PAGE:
Milan’s center glows bluish-white, and its suburbs orange and yellow, in a picture snapped this year by an astronaut on the International Space Station. The city’s transition from high-pressure sodium streetlights to LED technology brought about the stark contrast.
Thousands of other images from the ISS provide a similar snapshot of urban lights. A citizen science project based in Spain is in the middle of organizing the pictures into a global nighttime map in the hope of helping research into street lighting.
"It was like, come on, we have here a treasure that is the best data available and we are only using it for pretty pictures?" said Alejandro Sánchez de Miguel, a postdoctoral researcher at the Complutense University of Madrid who is leading the project, called Cities at Night.
Cities around the world are increasingly adopting new lighting technologies and becoming concerned with energy efficiency, he said, and the images can help residents and scientists see and understand those shifts.
The astronauts’ photos are taken on a standard digital camera, a Nikon D3S, not a scientific instrument. But they have a higher resolution than other satellite images thanks to the European Space Agency’s NightPod, stabilization technology installed at the space station in 2012. The images also capture nighttime colors. They are available to the public, but their locations are not entirely clear.
That’s where Sánchez de Miguel and his band of volunteer citizen scientists come in. He first came across the images when researching the sources of light pollution in Madrid for his Ph.D. thesis.
"It’s great we can make science, but if we can only do it for a few places in the world, like Madrid or Barcelona, the pieces we already knew, it would be a pity," he said. "It would be a waste of resources."
He launched the website last year. Since then, thousands of volunteers have helped sift through and classify the entirety of ISS’s high-resolution archives, over 130,000 images, finishing recently. Many helped geo-reference the images onto a Google Map, buoyed by their knowledge and interest in their local regions.
Clouds could interfere
The map is incomplete as of now, and Sánchez de Miguel recently launched a crowdfunding campaign to keep the efforts going, but viewers can already see many cities in Europe and elsewhere at the click of a mouse.
Having this global perspective could help researchers compare different regions when studying the impacts of street lighting on public safety, health, biodiversity or a host of other aspects, Sánchez de Miguel suggested.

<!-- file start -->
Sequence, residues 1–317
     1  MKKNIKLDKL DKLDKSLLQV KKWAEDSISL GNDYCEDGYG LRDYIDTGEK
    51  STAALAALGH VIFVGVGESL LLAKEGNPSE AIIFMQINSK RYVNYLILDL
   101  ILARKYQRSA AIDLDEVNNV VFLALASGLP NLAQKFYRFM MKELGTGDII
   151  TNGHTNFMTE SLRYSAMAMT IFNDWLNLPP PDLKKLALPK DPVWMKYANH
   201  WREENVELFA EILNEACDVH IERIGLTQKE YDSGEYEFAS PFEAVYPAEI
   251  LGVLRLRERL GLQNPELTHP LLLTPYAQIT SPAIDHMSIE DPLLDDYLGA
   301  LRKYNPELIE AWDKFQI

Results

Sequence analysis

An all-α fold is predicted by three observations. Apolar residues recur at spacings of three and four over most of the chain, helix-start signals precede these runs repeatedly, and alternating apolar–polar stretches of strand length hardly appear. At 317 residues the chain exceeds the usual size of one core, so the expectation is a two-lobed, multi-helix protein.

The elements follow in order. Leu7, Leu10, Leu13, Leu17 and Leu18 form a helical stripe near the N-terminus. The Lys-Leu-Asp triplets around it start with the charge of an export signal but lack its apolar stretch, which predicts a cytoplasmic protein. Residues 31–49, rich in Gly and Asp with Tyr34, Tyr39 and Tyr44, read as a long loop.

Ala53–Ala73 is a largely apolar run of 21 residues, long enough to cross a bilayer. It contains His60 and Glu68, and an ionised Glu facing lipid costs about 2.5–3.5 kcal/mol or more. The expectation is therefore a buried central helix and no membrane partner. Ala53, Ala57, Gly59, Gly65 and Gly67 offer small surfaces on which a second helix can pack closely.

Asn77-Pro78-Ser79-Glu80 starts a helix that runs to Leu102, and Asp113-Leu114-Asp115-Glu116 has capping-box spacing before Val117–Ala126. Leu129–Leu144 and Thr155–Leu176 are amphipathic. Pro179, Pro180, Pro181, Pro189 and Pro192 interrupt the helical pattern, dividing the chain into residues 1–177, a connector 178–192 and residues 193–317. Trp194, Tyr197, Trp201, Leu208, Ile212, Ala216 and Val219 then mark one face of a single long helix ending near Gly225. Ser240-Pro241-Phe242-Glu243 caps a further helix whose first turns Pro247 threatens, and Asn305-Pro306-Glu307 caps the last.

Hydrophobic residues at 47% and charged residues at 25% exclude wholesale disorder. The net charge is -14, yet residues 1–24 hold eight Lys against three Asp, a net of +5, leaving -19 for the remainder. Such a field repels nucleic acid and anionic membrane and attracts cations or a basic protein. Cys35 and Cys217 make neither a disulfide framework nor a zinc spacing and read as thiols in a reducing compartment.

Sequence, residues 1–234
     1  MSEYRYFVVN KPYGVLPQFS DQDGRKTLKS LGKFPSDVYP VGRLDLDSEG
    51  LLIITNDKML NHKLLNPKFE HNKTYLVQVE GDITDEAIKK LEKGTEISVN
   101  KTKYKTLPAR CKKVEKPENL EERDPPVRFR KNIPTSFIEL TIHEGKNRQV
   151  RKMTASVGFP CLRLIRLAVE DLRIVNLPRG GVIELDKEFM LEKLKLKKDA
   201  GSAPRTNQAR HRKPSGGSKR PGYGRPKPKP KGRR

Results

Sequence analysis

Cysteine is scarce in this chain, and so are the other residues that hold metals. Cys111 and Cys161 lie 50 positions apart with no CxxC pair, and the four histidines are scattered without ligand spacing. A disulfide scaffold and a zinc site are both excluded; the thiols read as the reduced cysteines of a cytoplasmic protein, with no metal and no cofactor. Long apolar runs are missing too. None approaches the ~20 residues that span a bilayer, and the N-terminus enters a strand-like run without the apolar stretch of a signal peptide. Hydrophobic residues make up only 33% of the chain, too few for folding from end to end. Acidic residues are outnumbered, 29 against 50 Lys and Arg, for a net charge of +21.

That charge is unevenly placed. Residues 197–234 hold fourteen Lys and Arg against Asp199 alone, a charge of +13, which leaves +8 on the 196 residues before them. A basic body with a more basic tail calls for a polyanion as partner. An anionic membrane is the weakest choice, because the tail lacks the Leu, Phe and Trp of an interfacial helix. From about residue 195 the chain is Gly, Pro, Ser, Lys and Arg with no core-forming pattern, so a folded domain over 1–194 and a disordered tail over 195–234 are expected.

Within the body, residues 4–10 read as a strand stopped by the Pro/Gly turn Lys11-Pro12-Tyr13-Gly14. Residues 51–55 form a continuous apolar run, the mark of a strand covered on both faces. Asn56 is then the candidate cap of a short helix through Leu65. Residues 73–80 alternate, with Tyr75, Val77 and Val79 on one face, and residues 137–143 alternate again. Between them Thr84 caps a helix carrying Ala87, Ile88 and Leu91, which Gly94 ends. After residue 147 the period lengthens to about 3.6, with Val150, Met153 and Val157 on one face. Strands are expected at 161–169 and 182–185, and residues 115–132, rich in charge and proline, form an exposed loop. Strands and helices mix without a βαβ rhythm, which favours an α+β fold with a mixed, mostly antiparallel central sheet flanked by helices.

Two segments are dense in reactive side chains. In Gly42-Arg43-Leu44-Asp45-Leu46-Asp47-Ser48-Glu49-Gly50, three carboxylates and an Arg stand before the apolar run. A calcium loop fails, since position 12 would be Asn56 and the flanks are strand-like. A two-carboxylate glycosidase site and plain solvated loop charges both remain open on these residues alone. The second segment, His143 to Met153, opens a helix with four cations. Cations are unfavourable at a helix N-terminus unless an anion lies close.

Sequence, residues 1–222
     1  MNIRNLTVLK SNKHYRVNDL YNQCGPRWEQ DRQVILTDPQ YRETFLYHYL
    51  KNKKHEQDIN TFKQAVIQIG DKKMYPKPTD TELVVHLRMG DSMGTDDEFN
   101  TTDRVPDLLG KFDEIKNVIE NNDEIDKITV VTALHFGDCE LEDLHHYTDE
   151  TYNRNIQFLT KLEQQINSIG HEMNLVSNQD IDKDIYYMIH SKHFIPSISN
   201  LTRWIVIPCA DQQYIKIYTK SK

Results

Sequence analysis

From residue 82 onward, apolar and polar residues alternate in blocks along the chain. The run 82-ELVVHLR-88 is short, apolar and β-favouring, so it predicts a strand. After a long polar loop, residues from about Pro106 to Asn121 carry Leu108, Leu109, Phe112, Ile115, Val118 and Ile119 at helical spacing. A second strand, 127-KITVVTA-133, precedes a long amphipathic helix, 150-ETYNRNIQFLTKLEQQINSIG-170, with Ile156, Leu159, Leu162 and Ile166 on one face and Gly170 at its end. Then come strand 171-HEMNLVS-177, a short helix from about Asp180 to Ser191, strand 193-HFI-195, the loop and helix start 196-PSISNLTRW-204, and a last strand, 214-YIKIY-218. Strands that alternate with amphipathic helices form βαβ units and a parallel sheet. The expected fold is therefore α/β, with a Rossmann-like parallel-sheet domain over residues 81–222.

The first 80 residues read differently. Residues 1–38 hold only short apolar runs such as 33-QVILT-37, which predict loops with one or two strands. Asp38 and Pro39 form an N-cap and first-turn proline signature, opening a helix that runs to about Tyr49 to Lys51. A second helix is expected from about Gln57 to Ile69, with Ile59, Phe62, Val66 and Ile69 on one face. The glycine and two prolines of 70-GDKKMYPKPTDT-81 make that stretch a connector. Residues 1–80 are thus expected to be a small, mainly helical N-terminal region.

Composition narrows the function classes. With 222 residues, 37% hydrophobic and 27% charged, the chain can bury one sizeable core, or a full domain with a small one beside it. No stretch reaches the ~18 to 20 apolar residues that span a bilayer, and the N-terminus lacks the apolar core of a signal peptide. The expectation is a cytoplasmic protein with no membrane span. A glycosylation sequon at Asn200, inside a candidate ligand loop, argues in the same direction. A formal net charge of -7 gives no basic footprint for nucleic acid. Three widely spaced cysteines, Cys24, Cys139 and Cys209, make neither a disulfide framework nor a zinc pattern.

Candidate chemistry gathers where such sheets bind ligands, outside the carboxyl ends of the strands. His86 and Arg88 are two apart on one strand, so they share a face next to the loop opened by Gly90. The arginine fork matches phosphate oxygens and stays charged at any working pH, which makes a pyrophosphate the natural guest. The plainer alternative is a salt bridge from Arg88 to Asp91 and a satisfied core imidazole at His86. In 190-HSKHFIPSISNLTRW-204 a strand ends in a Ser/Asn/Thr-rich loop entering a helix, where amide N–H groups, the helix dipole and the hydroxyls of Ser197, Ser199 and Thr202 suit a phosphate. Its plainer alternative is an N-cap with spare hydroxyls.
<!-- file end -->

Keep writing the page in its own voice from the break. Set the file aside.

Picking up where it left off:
The images come with some caveats for the science community, warned Christopher Elvidge, part of the Earth Observation Group in the National Oceanic and Atmospheric Administration National Geophysical Data Center. They aren’t collected globally; they’re snapped at different times of night; they aren’t calibrated to the radiance units many light scientists use; and they show clouds.
Elvidge’s group is developing its own global map of light at night using images from the Visible Infrared Imaging Radiometer Suite (VIIRS), which is stationed on the Suomi NPP satellite. The group is in "R&D [research and development] mode," Elvidge wrote in an email, trying to eliminate the effects of fires, auroras or background noise on the images. Some early composites are already online.
The ISS photos are likely to be of limited use to people researching the effects of light on health, such as the impact on humans’ biological clock, according to Mark Rea, the director of the Lighting Research Center at Rensselaer Polytechnic Institute. Light pollution has many different elements beyond color, he said.
"In terms of human health, it’s the time you have in bed, the regularity you have, that is more important than anything that could be measured from a satellite," he said.
But Sánchez de Miguel said he hoped the images could offer the public a glimpse at different global trends in street lighting.
Tokyo glows a whitish-blue, indicating its use of LEDs. A sharp picture of Amsterdam shows its lighted streets and bright airport. Observatory-friendly Tucson, Ariz., with its starry skies relatively free of sky glow from outdoor lights, is a reddish-orange spot in the middle of the darkness.
One of the observations that has most stood out to Sánchez de Miguel is the correlation his team noticed between countries with more debt and countries with more street lighting. Germany’s highways, for example, aren’t as brightly lit as some of Spain’s infrastructure.
"More light doesn’t mean you are more rich," he said.